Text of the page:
I wondered what the Louisiana police were making of the two. As we entered my hometown, I had a hard time believing I had questioned a seriously injured young woman as intensely as I had. I also had a hard time believing she'd hit me in the stomach hard enough to cause the deep bruise even now developing in the soft tissue around my navel. I hadn't heard from Martin in two days. I wondered how things were going for him in Guatemala. I missed him, abruptly and passionately. Tears began to well up in my eyes, and I took off my glasses to dab at them with a Kleenex. "Martin called," Shelby said out of the blue. We were turning on the road out of Lawrenceton that led to the house. "He tried your hotel room but found you'd checked out. I have to go back to the airport tonight to pick him up." "I'll let you, rather than going myself," I told him. I was too tired to face the airport more than once that day, and I would rather be warm and rested and in bed when he came home than tired and wrinkled and public at the airport. We pulled into the driveway, Shelby trying to tell me about the security systems he'd been investigating while we were gone, me not giving a damn. "Are you afraid of going in?" Angel asked. The rain was coming down in earnest as we got the bags out of the trunk. We crossed the garage to open the side door and take the covered walkway to the kitchen door. Madeleine sat regally, tail wrapped around her, by her food dish.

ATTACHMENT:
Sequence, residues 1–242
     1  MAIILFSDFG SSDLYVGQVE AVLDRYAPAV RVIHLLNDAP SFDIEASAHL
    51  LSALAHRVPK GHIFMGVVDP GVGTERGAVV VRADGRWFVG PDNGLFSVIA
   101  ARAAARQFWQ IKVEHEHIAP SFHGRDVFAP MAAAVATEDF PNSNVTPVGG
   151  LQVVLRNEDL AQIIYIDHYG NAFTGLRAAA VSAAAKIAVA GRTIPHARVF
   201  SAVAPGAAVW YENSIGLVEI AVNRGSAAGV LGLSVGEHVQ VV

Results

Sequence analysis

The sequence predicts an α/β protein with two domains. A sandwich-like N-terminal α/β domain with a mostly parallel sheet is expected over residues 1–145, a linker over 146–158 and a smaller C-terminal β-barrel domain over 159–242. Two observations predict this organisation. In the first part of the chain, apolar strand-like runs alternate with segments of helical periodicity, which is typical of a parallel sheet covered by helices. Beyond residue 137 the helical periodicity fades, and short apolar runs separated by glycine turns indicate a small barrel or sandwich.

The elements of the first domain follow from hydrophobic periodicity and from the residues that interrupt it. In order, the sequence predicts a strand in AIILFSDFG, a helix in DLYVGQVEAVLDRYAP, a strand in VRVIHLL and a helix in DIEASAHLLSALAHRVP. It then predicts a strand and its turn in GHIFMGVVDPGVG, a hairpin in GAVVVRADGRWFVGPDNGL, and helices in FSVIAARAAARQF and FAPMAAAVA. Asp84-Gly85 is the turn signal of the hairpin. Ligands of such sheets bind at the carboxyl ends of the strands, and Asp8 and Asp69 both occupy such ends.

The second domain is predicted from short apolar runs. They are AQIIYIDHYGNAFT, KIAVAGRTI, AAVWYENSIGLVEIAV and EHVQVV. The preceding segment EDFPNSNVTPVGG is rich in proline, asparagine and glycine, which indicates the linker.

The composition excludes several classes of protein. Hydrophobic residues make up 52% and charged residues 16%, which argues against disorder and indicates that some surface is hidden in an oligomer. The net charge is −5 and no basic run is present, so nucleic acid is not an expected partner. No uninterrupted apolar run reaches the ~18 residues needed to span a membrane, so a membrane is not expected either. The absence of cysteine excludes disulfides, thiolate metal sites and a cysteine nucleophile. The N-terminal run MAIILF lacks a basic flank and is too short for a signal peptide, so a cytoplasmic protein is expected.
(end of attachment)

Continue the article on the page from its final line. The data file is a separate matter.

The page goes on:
"No," I said, and realized it was true, "I'm not afraid of this house. There aren't any ghosts here. The people who would have become ghosts are the ones who are still alive, down in Louisiana. The people who died were too nice to be ghosts."
Now, this babble gives you some idea of my exhaustion, and the look Shelby and Angel gave me simultaneously told me I was becoming weird. But the house didn't scare me; I felt happy to be in it again. I breathed a sigh of relief when the Youngbloods left to go up to their apartment for their own reunion, after I'd refused Shelby's offer to carry my bags up to my bedroom. The light on the answering machine was blinking. I pressed the "Play" button to hear my messages.
My mother: "We're back, and we had a wonderful time! The message you left saying you were going to New Orleans was kind of confusing, Aurora. Is Martin with you or not? Is this thing about the bodies upsetting you? Call me when you're home." Emily Kaye: "Roe, I'm sorry to be such a pest, but we really do need help on the Altar Guild. Please call me at home when you get back from wherever you are. Oh, by the way! Aubrey and I are engaged!"
Aubrey: "Roe, if you're upset about the discovery at your house, please call me. I want to help if I can. And I wanted you to know, first: Emily says she'll marry me."
I made a face into the reflective glass of the clock. My mother: "You know, Aurora, I really wish you had left the name of your hotel with Patty at my office. It's very aggravating not being able to get in touch with you, to make sure you're all right. My understanding from calling Martin's office is that he is not with you. So what are you doing in New Orleans?" I hoped the antique earrings would soothe her.
The other messages, in order: Sally Allison, Sally Allison, and Sally Allison. I headed up the stairs, looking at my beautiful house with pleasure, glad to be home. Later my husband would be home; we would talk; everything would be all right.
But when I entered our bedroom I had a sudden picture of a dark-haired girl seizing an elderly woman and forcibly shoving the gray head through the window so it could be stove in with a hammer.
I banished that vision firmly.
This was my house.